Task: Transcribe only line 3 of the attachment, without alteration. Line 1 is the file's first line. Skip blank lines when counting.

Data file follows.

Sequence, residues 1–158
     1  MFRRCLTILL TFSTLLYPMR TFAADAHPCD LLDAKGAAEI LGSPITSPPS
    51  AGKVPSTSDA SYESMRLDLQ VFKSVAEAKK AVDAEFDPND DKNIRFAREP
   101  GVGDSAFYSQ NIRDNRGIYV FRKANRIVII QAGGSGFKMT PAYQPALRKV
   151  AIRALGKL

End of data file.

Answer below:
    51  AGKVPSTSDA SYESMRLDLQ VFKSVAEAKK AVDAEFDPND DKNIRFAREP